The noblest of God’s binaries, though, is found in humanity. God crowned us with the honor of bearing his image, uniting a physical body and a rational soul (Genesis 1:26, 2:7). Then he split the man into “male and female” (1:27, 2:22), forming a greater whole through the union of the first man and woman, and through every subsequent union of a man who leaves his father and mother and holds fast to his wife (2:24).
God’s binaries ennoble both the pair and each part. As an illustration, consider the binary pair of an electrical cord and a wall socket: one cord might be better than another, but cords cannot be “better” than wall sockets. In the same way, who could say whether they prefer heaven or earth? Birds must nest in trees, and earthlings must gaze at the stars. No one prefers the land or the sea absolutely, but everyone appreciates the beauty of a coastline and the safety of a harbor. In the same way, men and women cannot be “better” than each other. One man might be a better man than another. A particular woman will excel a particular man in some particular respect. But men in general cannot be “better” or “worse” than women. Each is a good and indispensable part of an even better whole.
God’s binaries are about union, not division. The sex binary does not separate humanity into two halves, each going their own direction. Rather, it enables a deeper union than would be possible otherwise. Without the sex binary, each of us as individuals could go our own way as a full representation of the human species. In fact, though, no one person can actually represent the fullness of humanity, because no one possesses all the human sex characteristics or a functioning reproductive system. Only the union of a male and a female presents us with humanity itself, and not merely one or more humans. Individually, a man and a woman are just two people; together, they are a family, a race, perhaps the beginning of a royal line.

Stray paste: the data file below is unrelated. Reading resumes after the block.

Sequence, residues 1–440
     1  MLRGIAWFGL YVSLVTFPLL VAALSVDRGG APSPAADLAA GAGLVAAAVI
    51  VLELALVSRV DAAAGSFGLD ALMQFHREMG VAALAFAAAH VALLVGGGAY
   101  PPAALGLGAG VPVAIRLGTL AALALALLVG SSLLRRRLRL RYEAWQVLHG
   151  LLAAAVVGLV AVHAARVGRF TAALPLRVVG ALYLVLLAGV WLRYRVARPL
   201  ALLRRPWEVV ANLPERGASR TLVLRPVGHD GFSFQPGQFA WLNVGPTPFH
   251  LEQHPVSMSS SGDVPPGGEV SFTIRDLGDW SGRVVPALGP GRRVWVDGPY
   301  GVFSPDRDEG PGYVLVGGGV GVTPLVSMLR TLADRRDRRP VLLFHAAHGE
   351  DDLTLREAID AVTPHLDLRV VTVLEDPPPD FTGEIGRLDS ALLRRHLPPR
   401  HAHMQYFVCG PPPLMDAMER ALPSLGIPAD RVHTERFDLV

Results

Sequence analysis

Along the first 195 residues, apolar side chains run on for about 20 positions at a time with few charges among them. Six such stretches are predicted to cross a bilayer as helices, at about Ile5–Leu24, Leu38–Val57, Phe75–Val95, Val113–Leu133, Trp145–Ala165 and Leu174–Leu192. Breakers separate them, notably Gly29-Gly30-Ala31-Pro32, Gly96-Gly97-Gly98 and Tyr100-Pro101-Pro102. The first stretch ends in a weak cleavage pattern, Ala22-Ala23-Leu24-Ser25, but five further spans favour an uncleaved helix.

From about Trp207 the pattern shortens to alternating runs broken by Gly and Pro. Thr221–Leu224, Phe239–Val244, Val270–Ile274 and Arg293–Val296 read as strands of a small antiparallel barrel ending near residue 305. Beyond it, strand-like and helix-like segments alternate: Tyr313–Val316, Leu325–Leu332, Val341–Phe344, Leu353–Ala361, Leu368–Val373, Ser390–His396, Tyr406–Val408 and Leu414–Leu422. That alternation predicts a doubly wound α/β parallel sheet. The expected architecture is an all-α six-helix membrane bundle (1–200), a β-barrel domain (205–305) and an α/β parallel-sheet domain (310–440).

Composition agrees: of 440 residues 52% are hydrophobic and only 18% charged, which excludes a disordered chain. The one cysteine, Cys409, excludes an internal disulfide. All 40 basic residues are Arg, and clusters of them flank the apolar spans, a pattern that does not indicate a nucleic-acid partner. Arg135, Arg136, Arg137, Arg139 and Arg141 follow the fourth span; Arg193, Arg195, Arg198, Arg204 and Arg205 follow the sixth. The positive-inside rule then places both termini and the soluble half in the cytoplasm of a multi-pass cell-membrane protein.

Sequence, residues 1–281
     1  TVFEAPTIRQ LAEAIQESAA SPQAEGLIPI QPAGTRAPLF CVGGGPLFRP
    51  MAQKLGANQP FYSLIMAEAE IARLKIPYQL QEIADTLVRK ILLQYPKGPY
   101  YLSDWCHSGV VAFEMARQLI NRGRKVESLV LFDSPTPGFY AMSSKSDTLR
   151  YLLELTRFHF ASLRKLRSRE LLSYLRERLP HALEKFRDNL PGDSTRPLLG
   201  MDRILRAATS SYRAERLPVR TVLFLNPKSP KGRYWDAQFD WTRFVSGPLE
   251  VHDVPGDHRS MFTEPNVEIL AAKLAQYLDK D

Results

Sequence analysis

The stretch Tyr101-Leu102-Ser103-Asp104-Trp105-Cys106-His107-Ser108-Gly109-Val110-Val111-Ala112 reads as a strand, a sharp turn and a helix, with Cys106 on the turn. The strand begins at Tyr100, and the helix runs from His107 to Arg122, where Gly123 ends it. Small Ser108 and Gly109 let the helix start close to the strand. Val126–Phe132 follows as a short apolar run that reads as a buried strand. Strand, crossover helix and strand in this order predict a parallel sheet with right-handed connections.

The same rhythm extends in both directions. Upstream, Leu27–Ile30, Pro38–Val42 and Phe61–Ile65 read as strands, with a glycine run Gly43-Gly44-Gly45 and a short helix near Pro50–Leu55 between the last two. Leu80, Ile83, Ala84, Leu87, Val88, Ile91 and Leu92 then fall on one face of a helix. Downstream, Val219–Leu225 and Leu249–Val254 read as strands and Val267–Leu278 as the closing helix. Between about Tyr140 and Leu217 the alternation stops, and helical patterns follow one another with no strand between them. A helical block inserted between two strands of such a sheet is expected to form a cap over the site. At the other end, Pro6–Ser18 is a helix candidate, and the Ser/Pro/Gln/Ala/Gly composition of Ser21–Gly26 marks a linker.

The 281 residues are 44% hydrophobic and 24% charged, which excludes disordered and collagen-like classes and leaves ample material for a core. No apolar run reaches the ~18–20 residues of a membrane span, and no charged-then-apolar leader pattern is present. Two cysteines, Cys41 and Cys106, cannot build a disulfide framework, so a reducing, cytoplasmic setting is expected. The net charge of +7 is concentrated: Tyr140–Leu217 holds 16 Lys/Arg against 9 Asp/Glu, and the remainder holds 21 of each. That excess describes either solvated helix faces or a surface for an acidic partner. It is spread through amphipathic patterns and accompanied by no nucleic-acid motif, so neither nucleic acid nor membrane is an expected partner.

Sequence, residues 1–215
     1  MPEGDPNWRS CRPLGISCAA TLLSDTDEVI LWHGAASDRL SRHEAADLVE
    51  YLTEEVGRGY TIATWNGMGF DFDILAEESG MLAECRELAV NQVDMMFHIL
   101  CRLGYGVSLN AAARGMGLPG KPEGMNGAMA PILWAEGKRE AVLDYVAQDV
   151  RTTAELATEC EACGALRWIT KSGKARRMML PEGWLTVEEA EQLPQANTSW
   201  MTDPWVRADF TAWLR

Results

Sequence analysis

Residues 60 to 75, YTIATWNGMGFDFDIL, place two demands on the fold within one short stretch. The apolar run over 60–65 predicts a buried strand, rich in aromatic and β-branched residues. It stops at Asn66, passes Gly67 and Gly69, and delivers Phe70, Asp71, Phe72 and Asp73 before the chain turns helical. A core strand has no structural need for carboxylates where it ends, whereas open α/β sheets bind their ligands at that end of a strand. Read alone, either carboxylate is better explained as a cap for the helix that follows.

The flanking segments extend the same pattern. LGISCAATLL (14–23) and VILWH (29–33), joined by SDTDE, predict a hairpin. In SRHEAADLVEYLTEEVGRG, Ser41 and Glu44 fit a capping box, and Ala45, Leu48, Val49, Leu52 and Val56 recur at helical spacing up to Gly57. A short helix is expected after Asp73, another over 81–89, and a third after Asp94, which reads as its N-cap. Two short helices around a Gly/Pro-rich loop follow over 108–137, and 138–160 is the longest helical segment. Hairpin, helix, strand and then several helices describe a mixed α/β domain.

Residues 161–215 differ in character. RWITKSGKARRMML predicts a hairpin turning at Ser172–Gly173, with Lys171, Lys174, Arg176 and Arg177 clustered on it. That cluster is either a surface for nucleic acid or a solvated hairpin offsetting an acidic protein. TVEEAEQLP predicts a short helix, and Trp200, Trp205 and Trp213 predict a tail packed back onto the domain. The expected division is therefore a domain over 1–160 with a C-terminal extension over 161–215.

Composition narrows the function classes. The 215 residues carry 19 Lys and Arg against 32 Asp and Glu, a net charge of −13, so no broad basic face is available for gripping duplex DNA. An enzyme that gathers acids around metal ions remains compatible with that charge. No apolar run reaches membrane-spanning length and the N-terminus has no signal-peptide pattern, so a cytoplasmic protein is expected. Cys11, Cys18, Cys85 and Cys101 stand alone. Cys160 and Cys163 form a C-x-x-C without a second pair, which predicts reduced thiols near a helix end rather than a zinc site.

The Most Basic Binary
The binaries within creation illuminate the relationship between God and his creation. The “Creator-creature distinction” sounds like it is all about keeping God and creation apart, but it is actually about keeping them together.
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Like the term “sexual orientation,” the word “cisgender” is freighted with false ideas about sex and human nature. Christians should use the term only for very limited purpose, such as in quotations, lest we are subtly conformed to worldly thought.

This term is used to describe people whose biology and gender identity match, according to ordinary social expectations. Biological males who present as men are “cisgender,” as are biological females who present as women.
This term is inextricable from two larger overall projects of the sexual revolution. First, this term is bound up with the claim that biological sex does not determine anything about “gender”—that is, the social role and expectations that people adopt according to their sex. Second, this term helps to classify people according to their level of privilege in society. It is often said that cisgendered, straight, white, males are privileged and powerful, while gender-queer people are marginalized and low-status.
Both of these underlying ideas are false. The link between biology and social role is far too universal to come from a mere social convention or construct. No matter how many people insist that men and women can both be “birthing persons,” it is no accident that women generally have a more domestic role in society, and men a more outwardly-focused role. Biology and social role are deeply connected. They are both parts of human nature.